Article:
Working capital is a crucial measure of a company's liquidity, indicating whether it has enough cash and assets to cover its short-term obligations. In the context of an acquisition, the level of working capital is fundamental because it can affect the purchase price of the target company. However, it is also relevant to consider the target liquidity post M&A.
The pandemic created inevitable disruptions across emerging markets, especially Latin America. Correctly accessing internal sources of liquidity is more relevant than ever. Industry analysis indicates that Latin American companies may tap into additional resources by shortening their cash position, which may be excessive due to supply chain disruption, recession, and currency risk.
Working capital can have a significant impact on a company's tax obligations. For example, a company with a large amount of working capital tied up in inventory can face higher tax obligations. Similarly, suppose a company has a significant amount of accounts receivable. This can also result in higher tax obligations as the company is deemed to have earned revenue even if the cash is yet to be received.
Advantages of a proactive approach
Proactive tax management can optimise working capital. For example, by taking advantage of tax incentives and deductions or swiftly recovering tax receivables, a company can reduce its tax obligations and free up more cash.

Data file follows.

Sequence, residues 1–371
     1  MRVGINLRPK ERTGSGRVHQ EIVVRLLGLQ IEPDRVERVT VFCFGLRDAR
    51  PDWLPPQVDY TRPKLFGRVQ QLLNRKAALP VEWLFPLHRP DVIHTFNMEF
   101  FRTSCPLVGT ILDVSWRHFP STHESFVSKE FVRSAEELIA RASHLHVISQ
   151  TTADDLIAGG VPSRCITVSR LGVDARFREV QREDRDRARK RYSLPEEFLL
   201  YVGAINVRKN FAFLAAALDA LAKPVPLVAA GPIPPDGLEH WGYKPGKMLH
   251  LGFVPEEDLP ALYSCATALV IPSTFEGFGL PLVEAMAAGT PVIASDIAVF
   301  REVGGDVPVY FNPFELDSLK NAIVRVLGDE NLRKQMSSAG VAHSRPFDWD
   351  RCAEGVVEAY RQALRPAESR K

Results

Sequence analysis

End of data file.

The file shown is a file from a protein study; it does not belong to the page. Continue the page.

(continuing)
It is advisable to evaluate how to mitigate the impact of taxes on the financial situation after a merger or an acquisition. Further to reducing the effective rate, improving the timeliness and accuracy of tax and cash provisions adds value to the business by reducing the cost of financing.
Tax assimilation of business problems and objectives results in substantial cash benefits; for example, the tax write-off of uncollected accounts and location of the activities. Similarly, after a merger or an acquisition, extracting a business from a group can also be expensive. For example, if it is involved in a group of companies that determine their results on a combined basis, there was a prior restructuring or merger, or if there is a significant capital gain or recoverable tax losses that may be lost in the event of a change of control.
However, extraction can also have an advantage. For example, a significant investment no longer helpful for the business strategy might generate a loss that, in some cases, can be used against corporate income tax.